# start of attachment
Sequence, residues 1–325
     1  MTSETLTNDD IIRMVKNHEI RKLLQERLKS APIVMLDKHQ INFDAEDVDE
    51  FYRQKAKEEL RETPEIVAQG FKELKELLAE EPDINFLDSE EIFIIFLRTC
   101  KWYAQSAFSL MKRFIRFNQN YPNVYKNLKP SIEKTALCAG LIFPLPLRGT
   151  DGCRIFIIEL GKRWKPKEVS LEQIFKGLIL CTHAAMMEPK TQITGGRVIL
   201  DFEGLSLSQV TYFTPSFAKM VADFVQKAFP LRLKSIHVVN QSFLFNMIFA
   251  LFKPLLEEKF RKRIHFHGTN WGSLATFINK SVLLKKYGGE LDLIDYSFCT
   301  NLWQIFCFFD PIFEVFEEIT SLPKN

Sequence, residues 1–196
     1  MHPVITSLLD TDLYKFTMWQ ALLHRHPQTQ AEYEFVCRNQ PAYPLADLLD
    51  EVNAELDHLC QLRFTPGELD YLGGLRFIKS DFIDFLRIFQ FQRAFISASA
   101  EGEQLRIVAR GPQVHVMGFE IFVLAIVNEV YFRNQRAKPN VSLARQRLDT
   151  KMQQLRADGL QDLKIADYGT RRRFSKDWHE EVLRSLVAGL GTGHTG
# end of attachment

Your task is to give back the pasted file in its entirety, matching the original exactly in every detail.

Sequence, residues 1–325
     1  MTSETLTNDD IIRMVKNHEI RKLLQERLKS APIVMLDKHQ INFDAEDVDE
    51  FYRQKAKEEL RETPEIVAQG FKELKELLAE EPDINFLDSE EIFIIFLRTC
   101  KWYAQSAFSL MKRFIRFNQN YPNVYKNLKP SIEKTALCAG LIFPLPLRGT
   151  DGCRIFIIEL GKRWKPKEVS LEQIFKGLIL CTHAAMMEPK TQITGGRVIL
   201  DFEGLSLSQV TYFTPSFAKM VADFVQKAFP LRLKSIHVVN QSFLFNMIFA
   251  LFKPLLEEKF RKRIHFHGTN WGSLATFINK SVLLKKYGGE LDLIDYSFCT
   301  NLWQIFCFFD PIFEVFEEIT SLPKN

Sequence, residues 1–196
     1  MHPVITSLLD TDLYKFTMWQ ALLHRHPQTQ AEYEFVCRNQ PAYPLADLLD
    51  EVNAELDHLC QLRFTPGELD YLGGLRFIKS DFIDFLRIFQ FQRAFISASA
   101  EGEQLRIVAR GPQVHVMGFE IFVLAIVNEV YFRNQRAKPN VSLARQRLDT
   151  KMQQLRADGL QDLKIADYGT RRRFSKDWHE EVLRSLVAGL GTGHTG